An existing mortgage may be affected by a recession. However, if a mortgage is a fixed-rate, fixed-term loan, it will be unaffected. Conventional loans, as these are often called, are strong loans as the rate, payment and term are locked in at closing. However, adjustable rate mortgages that are tied to indexes (like the LIBOR or Prime) will be at the whim of the fluctuating interest rates during a recession.
Home Equity Loans
HELOCs, or Home Equity Lines of Credit, are often tied to an index (LIBOR, Prime). During a recession, these rates will fluctuate rapidly and drastically. However, a recession usually means a slowdown in consumer spending and lending, so the rates will often decrease in a recession, which means an adjustable rate on a HELOC may be lower than when it was initially funded.
Negative Amortization Mortgages
These loans, whose payments often do not cover even the interest on a loan, often have principal balances that increase, not decrease. A recession usually means that the housing market has slowed down--which means that home prices usually fall. If a consumer has a negative amortization loan, the chances of become "upside-down" (owing more on the property than it is worth) is high.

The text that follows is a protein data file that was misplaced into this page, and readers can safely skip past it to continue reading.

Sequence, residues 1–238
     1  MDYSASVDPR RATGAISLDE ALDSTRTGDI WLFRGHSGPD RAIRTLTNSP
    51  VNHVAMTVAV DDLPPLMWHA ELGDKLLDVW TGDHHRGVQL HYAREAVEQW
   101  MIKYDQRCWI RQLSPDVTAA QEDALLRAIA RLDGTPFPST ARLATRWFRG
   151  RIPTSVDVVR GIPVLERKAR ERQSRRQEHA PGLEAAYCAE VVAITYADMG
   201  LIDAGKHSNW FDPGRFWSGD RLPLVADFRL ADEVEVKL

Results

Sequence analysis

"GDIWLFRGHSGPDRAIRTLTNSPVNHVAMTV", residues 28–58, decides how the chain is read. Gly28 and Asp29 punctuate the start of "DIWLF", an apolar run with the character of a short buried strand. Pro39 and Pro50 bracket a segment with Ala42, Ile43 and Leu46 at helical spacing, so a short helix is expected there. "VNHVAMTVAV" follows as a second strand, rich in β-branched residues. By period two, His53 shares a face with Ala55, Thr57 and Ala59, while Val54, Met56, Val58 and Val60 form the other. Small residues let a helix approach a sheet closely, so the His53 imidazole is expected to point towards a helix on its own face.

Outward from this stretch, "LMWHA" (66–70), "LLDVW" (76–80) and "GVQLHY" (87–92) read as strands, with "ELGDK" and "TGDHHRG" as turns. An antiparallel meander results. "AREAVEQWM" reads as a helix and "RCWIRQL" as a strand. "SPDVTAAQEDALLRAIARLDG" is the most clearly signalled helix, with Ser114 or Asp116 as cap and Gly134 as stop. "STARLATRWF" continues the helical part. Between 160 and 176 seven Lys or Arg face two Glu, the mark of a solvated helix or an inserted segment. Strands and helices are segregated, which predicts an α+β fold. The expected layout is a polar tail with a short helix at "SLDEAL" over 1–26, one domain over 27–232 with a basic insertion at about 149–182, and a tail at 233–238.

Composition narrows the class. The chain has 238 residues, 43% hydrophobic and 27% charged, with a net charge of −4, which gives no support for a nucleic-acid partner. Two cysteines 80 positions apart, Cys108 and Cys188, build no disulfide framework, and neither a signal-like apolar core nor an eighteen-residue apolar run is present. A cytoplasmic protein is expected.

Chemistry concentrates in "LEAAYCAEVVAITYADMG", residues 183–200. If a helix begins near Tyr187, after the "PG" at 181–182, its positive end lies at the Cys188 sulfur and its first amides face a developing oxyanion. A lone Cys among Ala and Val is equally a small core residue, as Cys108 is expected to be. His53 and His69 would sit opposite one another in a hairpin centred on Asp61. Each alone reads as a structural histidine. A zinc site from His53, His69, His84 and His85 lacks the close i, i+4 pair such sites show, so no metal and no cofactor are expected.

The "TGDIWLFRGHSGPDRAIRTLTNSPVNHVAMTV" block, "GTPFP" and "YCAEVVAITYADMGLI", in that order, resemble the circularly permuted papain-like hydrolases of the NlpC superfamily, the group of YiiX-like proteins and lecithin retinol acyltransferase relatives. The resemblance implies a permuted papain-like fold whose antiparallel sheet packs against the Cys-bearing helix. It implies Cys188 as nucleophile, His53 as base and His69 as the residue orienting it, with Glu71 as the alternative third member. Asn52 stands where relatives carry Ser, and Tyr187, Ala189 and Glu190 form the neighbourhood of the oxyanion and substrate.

Obtaining a mortgage during a recession might be a good opportunity. As mentioned, when the economy is sluggish, interest rates tend to drop. Refinancing or purchasing a new home could be a great way to get in at the bottom of the market and make a healthy profit down the road. A borrower should be market- and financially savvy when considering large real estate purchases in a recession.
Consumers should be aware of any and all lending threats in the marketplace. When researching companies, it's best to get recommendations from friends, family members and colleagues before beginning a loan process with a loan officer--especially in a down market. Similarly, it's in the customer's best interest to research a lender's history on the Better Business Bureau website.